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Answered 2007-12-23 05:29:41

no the mother should have the legal obligation to take care of the child

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if the mother terminates her rights can he collect child support from the mother if child lives with him?


Yes, if the mother does not want the child and the father is willing to take the child. Then the mother may sign her rights over to the father if the father is able to take of the child. Signing over one's rights will not terminate child support obligation(s).


Yes. And it's not the mother who gets his rights terminated, it is the court.


Normally you would not be allowed to relinquish your rights just to avoid paying support, but, you are allowed to do so if the mother doesn't want the support money.


Yes as the father has become a defaulter then the mother can get full custody and have the parental rights of the father revoked.


Child support would generally go to the person raising the child. Mother might even be ordered to pay to father.


Not voluntarily. The court must approve and the mother must not collect Welfare. see link


No,the same rules apply wether you are the father or the mother you are not obligated to pay support.


No, when a mother or father relinquishes his parental rights he is no longer responsible for child support.


An unmarried father cannot "choose" to not pay child support. The laws in every state require that a father pay for the support of his child. The mother must bring an action to the appropriate court so that a child support order can be established. Visitation rights are separate and a father can have visitation rights established by the court. Visitation rights are not dependent on paying child support.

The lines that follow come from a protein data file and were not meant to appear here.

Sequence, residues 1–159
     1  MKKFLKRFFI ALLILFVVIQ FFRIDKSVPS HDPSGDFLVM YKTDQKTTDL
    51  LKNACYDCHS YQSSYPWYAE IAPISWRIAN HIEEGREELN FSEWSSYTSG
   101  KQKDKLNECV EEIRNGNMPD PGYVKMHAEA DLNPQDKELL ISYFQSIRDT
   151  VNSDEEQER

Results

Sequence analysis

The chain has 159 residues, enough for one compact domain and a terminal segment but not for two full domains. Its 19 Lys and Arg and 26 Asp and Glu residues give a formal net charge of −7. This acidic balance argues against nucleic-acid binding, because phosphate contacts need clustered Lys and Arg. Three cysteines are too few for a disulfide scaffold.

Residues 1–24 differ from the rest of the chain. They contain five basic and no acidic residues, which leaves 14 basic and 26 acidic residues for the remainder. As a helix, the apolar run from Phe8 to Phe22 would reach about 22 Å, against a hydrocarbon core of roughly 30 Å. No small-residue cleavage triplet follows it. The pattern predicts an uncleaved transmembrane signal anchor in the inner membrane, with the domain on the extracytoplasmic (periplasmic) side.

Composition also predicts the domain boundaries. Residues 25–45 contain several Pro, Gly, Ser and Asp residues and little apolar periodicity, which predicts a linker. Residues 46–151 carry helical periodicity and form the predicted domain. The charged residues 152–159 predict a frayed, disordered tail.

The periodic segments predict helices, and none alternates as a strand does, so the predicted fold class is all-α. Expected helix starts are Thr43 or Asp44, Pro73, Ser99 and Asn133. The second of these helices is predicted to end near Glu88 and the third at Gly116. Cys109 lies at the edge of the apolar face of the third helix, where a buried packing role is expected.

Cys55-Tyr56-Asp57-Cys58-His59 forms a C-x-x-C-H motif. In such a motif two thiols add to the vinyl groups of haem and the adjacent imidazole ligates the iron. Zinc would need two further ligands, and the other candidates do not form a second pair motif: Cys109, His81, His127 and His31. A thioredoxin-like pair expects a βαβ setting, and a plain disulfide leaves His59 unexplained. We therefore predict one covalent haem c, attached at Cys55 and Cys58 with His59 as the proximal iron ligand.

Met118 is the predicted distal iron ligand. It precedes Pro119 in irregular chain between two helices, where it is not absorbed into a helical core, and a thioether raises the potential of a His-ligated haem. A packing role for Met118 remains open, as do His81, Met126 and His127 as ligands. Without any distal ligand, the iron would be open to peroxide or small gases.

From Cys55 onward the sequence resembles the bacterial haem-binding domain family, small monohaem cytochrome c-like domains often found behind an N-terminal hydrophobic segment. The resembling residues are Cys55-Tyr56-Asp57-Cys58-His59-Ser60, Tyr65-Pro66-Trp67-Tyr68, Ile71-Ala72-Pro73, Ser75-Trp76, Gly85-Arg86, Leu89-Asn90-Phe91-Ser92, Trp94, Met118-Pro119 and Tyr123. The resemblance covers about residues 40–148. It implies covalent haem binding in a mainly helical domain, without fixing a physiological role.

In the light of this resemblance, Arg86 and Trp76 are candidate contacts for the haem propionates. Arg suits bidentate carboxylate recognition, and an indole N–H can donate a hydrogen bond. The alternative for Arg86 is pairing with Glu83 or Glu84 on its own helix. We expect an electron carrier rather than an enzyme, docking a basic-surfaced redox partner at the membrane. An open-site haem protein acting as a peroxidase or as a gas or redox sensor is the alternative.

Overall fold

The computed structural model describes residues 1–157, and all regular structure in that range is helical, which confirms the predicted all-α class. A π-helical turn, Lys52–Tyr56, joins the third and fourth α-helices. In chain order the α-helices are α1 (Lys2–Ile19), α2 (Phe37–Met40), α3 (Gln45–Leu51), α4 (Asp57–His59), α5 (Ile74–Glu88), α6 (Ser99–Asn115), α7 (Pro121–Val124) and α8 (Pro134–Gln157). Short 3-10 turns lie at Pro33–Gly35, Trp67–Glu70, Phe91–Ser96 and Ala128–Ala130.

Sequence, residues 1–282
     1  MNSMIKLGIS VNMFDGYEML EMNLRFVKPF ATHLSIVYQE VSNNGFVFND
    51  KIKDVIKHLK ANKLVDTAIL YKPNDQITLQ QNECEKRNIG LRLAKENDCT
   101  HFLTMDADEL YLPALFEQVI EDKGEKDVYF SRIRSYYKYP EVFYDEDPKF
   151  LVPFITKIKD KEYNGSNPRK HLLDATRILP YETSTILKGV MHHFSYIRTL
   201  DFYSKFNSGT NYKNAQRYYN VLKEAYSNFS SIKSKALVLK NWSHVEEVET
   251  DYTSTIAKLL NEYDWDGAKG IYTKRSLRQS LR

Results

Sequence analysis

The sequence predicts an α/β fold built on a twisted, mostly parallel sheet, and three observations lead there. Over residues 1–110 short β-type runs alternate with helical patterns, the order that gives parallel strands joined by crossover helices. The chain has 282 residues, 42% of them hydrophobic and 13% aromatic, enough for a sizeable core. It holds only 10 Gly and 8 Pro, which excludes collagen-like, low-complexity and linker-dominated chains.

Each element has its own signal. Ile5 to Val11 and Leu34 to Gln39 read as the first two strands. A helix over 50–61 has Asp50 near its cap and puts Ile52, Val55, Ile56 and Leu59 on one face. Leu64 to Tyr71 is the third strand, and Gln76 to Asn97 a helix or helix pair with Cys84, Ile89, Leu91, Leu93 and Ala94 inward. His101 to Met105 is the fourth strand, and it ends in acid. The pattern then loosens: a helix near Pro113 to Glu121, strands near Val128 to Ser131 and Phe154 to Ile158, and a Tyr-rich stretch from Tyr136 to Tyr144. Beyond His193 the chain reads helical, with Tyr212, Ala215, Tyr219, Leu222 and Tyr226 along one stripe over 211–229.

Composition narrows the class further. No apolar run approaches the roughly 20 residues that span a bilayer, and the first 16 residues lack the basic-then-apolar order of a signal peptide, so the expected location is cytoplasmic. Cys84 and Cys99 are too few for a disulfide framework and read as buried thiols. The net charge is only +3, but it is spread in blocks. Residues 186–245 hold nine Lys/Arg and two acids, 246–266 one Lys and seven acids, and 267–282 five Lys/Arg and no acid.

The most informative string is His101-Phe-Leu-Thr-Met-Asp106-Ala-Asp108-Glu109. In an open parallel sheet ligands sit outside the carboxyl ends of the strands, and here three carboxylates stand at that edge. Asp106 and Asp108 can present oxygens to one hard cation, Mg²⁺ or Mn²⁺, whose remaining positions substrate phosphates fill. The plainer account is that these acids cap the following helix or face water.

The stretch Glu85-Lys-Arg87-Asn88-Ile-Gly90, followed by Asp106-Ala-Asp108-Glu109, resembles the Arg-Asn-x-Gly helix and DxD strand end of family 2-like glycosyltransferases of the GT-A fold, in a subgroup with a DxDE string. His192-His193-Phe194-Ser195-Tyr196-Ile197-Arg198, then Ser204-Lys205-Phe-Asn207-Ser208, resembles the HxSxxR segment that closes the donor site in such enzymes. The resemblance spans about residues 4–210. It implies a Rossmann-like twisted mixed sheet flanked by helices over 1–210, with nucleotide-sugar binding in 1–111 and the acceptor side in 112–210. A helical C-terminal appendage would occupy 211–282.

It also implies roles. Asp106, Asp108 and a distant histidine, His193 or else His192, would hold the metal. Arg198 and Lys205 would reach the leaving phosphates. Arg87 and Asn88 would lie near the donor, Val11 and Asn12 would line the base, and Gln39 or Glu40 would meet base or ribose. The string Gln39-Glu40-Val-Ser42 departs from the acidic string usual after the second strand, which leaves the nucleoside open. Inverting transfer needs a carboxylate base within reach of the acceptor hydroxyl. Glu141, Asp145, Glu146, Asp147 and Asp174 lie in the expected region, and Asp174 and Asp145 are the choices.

If not married he has to prove paternity in court to get his parental rights. He can then petition for custody, visitation and pay child support. If married to the mother they have equal rights to the child.


Unless the father has his parental rights terminated, of course he needs to support his child -


He has the right to pay child support and petition for visitation.


1) to pay support; 2) to petition the courts for visitation


If the father does not request a DNA test, the mother holds all of the parental responsibility and rights. The mother cannot request child support. The father cannot request custody or visitation.


You can sign your rights away but you will still have to pay child support if you are the father or mother of the child. There is no way to avoid paying child support.


If the father gave up all parental rights - then he would not have to pay child support. Plus, if the mother is out of the country and is an illegal immigrant - she would not be a part of the child support system. She would need to be in this country. But, the main things is - if the father "legally" (signed papers) to give up his parental rights, then he is not liable for child support.


If the mother in question is financial able and has shelter and means to support the child then most definitely.


First, without a court order, the mother cannot prohibit the father from seeing the child. If he has not voluntarily given up his rights to the child, and a judge has not created a custody schedule, the father has as much right to see the child as the mother.Second, if the father does voluntarily give up his parenting rights, or a judge does involuntarily remove his parenting rights (or awards full custody to the mother), the father would still owe child support until his child reaches the age of majority and has graduated high school.


last i knew unless there is a step father willing to adopt the courts will not let you give up rights if there is a step father willing to adopt you will not have to pay child support


The rights of the natural father depends on if the father has given up his rights or not. If he has not given up his rights, he has the same rights as the mother, or as outlines in the custody order.



Having a child is a responsibility which you must continue to pay for, rights have nothing to do with it.


No, you can't. First, you can't sue a parent for child support. Second, there is nobody to collect it from since your father has passed. However, if your father has an estate you could contact the attorney handling the estate or a private attorney to determine if you have any rights in his estate as an heir at law.


Only with the permission of the court and the mother, AND provided she does not now, nor in the future, collect AFDC.



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